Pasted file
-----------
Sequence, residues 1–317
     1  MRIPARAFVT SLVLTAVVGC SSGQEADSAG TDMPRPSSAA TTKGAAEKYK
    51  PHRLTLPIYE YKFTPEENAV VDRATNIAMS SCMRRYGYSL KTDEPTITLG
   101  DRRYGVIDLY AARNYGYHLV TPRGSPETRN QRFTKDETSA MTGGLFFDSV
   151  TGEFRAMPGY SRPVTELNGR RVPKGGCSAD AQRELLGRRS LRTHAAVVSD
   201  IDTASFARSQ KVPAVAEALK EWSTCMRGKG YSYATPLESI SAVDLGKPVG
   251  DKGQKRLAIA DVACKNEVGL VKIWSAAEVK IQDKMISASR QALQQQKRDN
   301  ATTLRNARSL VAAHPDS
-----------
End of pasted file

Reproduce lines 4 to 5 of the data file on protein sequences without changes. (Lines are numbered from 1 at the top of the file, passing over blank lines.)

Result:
   101  DRRYGVIDLY AARNYGYHLV TPRGSPETRN QRFTKDETSA MTGGLFFDSV
   151  TGEFRAMPGY SRPVTELNGR RVPKGGCSAD AQRELLGRRS LRTHAAVVSD